Health & Studies

ASH Provides Teen Vaping Update

Action on Smoking and Health has released its annual update detailing the current state of play when it comes to young people and electronic cigarettes in Great Britain

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Action on Smoking and Health (ASH) produces yearly reports on a number of subjects. One, the “Use of e-cigarettes among young people in Great Britain”, has consistently demonstrated that there is no gateway effect and no teen epidemic whatsoever. The update for 2021 shows no change.

Just one month ago, ASH were confirming that there is a problem with adult smoker engagement with e-cigs. Despite reaffirming that there is no credible issue with teens vaping, they pushed for further restrictions to be made to vape products.

ASH’s Hazel Cheeseman commented: “Currently youth vaping in this country is not a significant problem, but nor do we want one. E-cigarettes have been a powerful tool to help smokers stop and we want to see many more make the switch. However, we also need to do all we can to avoid uptake in young non-smokers. The time is right for the government to explore how packaging can be made less appealing to children whilst also understanding how we can best expand the appeal of products among adult smokers.”

Are things like attractive packaging a driver for non-smoking teens taking up vaping? No, not according to ASH’s own research.

The 2021 findings state: “Young people aged 11-18 years old vape mainly just to give it a try (49.3%) not because they think it looks cool (1.2%). They are unlikely to choose e-cigarettes because they are easier to access (1.1%) or cheaper (0.8%) than tobacco cigarettes.”

This year’s survey might have found that 40% of 11-18yr olds might prefer attractive packaging over plain packaging, but this still doesn’t mean it is a driver to initiating vaping.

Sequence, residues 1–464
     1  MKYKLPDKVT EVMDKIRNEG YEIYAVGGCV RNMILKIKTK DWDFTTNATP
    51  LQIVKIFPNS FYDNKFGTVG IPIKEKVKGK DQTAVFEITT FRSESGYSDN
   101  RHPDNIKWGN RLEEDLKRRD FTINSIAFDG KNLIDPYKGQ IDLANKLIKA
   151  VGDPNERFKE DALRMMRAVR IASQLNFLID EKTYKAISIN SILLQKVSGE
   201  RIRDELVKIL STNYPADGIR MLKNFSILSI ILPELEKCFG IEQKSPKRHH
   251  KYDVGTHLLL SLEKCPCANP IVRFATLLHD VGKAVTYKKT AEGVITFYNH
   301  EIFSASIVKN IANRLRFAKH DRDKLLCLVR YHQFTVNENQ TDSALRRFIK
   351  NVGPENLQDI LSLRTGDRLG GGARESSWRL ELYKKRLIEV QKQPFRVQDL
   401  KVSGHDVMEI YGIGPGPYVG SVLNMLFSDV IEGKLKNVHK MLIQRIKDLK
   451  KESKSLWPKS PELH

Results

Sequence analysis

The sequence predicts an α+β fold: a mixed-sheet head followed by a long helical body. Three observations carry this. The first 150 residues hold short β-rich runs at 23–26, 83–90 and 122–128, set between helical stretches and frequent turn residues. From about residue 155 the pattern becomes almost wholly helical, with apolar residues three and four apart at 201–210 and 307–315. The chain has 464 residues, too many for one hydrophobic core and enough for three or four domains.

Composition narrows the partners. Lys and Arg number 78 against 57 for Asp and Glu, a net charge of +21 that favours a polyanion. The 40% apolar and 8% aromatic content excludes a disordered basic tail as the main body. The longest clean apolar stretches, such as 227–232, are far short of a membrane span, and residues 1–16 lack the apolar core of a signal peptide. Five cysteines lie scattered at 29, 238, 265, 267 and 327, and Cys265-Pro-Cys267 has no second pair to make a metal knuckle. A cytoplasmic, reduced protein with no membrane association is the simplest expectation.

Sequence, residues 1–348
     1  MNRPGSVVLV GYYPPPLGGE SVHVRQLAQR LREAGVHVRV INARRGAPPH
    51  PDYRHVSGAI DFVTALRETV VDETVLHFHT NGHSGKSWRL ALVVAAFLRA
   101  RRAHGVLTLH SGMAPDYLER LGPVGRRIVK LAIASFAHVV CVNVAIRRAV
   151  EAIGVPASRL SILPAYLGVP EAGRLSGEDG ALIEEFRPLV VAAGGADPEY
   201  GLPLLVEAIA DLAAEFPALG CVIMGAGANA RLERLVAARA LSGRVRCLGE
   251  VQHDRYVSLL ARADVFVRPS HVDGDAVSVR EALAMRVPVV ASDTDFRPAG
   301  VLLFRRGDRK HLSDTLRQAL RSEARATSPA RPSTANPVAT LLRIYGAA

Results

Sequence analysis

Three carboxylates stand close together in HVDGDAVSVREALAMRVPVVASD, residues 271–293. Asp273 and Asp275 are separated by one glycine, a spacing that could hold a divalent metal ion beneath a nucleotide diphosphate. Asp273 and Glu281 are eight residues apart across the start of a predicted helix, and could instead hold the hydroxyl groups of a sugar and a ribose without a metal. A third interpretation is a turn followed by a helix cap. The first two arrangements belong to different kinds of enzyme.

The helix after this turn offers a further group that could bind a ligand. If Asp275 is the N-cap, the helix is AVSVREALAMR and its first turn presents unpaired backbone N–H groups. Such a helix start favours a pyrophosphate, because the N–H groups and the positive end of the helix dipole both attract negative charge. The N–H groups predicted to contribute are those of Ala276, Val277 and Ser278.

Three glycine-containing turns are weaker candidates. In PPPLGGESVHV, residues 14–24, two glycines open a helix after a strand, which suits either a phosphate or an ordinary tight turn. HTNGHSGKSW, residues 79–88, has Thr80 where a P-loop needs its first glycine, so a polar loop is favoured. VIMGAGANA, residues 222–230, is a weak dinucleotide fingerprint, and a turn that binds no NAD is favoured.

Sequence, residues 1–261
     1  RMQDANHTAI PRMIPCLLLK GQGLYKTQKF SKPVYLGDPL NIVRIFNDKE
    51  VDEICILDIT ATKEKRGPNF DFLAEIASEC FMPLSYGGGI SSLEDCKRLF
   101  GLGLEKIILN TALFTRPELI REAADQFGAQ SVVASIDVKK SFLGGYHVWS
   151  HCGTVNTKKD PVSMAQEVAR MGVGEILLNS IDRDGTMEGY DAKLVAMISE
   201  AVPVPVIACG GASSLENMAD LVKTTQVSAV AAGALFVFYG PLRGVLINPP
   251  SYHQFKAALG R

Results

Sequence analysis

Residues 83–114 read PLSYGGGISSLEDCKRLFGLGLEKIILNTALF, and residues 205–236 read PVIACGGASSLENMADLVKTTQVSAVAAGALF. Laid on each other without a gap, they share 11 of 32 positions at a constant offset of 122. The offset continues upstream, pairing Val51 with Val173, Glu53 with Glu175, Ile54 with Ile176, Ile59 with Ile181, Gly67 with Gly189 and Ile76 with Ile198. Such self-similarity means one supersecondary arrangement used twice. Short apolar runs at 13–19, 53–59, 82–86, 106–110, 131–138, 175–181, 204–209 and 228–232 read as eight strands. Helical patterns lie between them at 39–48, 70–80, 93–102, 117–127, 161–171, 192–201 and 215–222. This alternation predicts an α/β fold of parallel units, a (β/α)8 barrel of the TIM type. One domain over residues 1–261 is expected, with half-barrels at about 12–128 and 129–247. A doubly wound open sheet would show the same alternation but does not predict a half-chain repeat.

ASH is also concerned about a relaxation on the kind of permissible advertising messages despite, “a large majority of 11-17 year olds have never tried (77.7%) or are unaware of e-cigarettes (10.5%).”

The charity has been compiling their results since 2013. It links the growth in vaping to the decline in smoking, from 2010 onwards when e-cigarette use became widespread among adult smokers and ex-smokers.

The survey also found:

  • In 2021 11.2% of 11-17 year olds had tried vaping, compared to 13.9% in 2020. This is largely unchanged from 2015 when 11.6% of 11-17 year olds had tried e-cigarettes
  • Children under 16 are least likely to try e-cigarettes. Only 6.5% of 11-15 year olds have tried vaping, compared to 23.2% of 16-17 year olds. Just under a third of 18 year olds report trying an e-cigarette (30.1%)
  • The main source for both cigarettes and e-cigarettes is shops. 60% of 11-17 year olds get their cigarettes from shops, compared to 41.9% for e-cigarettes
  • The perception among 11-18 year olds that cigarettes and e-cigarettes are equally harmful has been increasing since 2013. Only 43.8% of 11-18 year olds in 2021 believed that e-cigarettes were less harmful than cigarettes

Nine years of research and still not a spec of evidence to support claims that vaping is acting as a gateway into smoking or that there is an epidemic of teen vaping – what is Britain doing so right that America is doing so wrong?


  1. Use of e-cigarettes among young people in Great Britain, 2021 –
Dave Cross avatar

Dave Cross

Journalist at POTV
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Dave is a freelance writer; with articles on music, motorbikes, football, pop-science, vaping and tobacco harm reduction in Sounds, Melody Maker, UBG, AWoL, Bike, When Saturday Comes, Vape News Magazine, and syndicated across the Johnston Press group. He was published in an anthology of “Greatest Football Writing”, but still believes this was a mistake. Dave contributes sketches to comedy shows and used to co-host a radio sketch show. He’s worked with numerous vape companies to develop content for their websites.

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